The wildly creative avant-garde dance company Pilobolus has transformed itself into an international entertainment juggernaut. Featured on The Oprah Winfrey Show, Sesame Street, and The Academy Awards, and nominated for a 2012 Grammy Award for the video for OK Go’s All Is Not Lost, the company continues to explore new ways of using the human body as a graphic and expressive medium. Program will include The Inconsistent Pedaler, an absurd, acrobatic, and lyrical collaboration between Pilobolus, fiction writer Etgar Keret, and filmmaker Shira Geffen that opens up a mesmerizing physical world.
Celebrity Series is pleased to offer an artist post-performance talk on Friday, October 27, with Renee Jaworski, Pilobolus co-artistic director, and company members. This 20-minute talk, moderated by Peter DiMuro of The Dance Complex, will be held in front of the stage immediately following the Friday evening performance. In anticipation of the engagement, DiMuro shares his perspective on this phenomenal company.
By Peter DiMuro
I’m having a hard time fathoming that Pilobolus is almost 50 years old. As a young student at the American Dance Festival, I saw them over several years in the 1980s. They were a favorite of then director Charles Reinhart, who along with co-director Stephanie Reinhart, nurtured the group into becoming the next taste treat in dance.
The group’s history is well documented: a gaggle of Dartmouth students and their teacher, the amazing and still-going-strong Martha Clarke, fashioned quirky partnering and physical balances into crowd- pleasing performance. The technique was less about multiple turns and high battements and more about lessons from physics, Butoh, pure anatomy—and yes, we get to see a lot of it! The work could be poetic and intriguing, absorbing you in other worlds, and conversely very funny with a tinge of college boy humor that varied to the more astute over the years.
When the company was last presented by Celebrity Series a few seasons ago, we were treated to a very up-to-date, modern version of Pilobolus. I remember being pleasantly surprised at how the company had, in essence, been reborn. The efforts of the original jocks-turned-artists and their forays into group collaborations over their first 25 years or so had suffered.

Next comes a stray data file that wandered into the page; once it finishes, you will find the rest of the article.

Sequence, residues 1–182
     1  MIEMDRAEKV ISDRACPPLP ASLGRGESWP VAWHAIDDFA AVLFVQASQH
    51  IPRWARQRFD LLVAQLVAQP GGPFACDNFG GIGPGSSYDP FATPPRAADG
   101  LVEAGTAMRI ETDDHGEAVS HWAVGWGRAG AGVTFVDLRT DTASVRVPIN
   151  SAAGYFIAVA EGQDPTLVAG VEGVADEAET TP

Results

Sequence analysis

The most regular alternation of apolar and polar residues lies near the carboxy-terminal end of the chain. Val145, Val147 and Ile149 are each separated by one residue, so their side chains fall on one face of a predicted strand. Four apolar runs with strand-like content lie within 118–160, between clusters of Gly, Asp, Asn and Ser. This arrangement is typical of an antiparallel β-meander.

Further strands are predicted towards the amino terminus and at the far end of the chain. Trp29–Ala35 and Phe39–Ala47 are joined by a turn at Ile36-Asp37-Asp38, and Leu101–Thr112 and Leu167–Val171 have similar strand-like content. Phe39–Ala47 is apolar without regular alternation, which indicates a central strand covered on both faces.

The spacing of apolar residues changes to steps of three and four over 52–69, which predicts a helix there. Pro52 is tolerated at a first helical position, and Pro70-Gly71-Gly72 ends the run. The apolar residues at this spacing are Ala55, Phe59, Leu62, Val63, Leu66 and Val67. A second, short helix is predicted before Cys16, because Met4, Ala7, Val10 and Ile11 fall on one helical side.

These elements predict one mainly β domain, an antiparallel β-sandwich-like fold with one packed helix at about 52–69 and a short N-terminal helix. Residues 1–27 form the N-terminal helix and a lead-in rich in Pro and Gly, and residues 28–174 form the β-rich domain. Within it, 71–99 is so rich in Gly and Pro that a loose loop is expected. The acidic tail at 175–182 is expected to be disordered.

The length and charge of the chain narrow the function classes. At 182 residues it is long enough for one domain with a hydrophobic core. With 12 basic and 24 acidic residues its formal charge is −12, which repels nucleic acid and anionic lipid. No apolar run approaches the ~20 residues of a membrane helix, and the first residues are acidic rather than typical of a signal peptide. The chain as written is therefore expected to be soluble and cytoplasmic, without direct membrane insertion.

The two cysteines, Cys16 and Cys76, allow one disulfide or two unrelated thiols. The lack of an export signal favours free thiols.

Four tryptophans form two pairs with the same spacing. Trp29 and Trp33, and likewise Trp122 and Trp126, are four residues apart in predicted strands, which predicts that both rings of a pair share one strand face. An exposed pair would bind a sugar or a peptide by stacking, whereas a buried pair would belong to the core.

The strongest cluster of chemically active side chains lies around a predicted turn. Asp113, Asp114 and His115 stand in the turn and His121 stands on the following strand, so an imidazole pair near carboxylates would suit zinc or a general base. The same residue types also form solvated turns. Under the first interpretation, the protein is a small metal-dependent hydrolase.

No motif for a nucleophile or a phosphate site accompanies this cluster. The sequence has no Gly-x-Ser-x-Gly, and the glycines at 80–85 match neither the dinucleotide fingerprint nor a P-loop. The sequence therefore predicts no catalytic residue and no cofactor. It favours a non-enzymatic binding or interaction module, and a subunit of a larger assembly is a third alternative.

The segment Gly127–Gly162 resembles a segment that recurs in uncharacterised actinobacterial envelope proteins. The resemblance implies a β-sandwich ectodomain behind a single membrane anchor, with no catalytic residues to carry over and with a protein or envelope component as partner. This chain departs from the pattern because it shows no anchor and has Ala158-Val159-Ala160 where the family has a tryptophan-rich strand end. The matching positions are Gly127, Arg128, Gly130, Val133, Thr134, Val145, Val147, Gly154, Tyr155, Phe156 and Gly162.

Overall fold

Perhaps it was a natural evolution: bodies that created the initial experiments that were Pilobolus were no longer the bodies dancing the work. New, younger artists—many who studied the company in their dance departments but might have lacked the collaborative spirit and experience of the originals—were now in the drivers’ seat; the originals were now driving from the back seat.
But their last Boston engagement was thrilling. The company brought a very focused energy and effort that partnered its trademark physicality with 21st century production values, including great videos between the live work—projections within them offering a more dimensional experience for those of us in the theatre. A new version of the leadership team that seemed to include conceptual artists, choreographers, and production/design was in effect.
As a Boston-based choreographer, or perhaps more fittingly a non-New Yorker, I have always been inspired by and reveled at companies like Pilobolus, who have thrived by NOT being based in New York City. Pilobolus have created their works over the years in Connecticut, somewhat secluded, bringing their works out to perform, yes, at New York venues, but also worldwide. It is also interesting to note that all four works on the upcoming program were commissioned by either the American Dance Festival, based in Durham, North Carolina, or Jacob’s Pillow, in our own Berkshires backyard. It gives one pause about our own locally-grown dance.
The works we will see when Pilobolus takes the Shubert Theatre stage this month will include some lovely bodies, and in most of the evening’s repertory, we will see them on stages within stages: a tiny circular platform, in front of a small house backdrop, next to a bicycle. It will be interesting to see the expanse of the stage space cut off and have our eyes focused to the details, the theatrics. Only in Branches, recently viewed on the Inside Out stage at Jacob’s Pillow, do we see pure, prop-less, unadorned bodies. Perhaps this is a balance of a different kind, with the program serving as a metaphor for the balances we see between and among the bodies.
I look forward to seeing you there and chatting with the company afterward!
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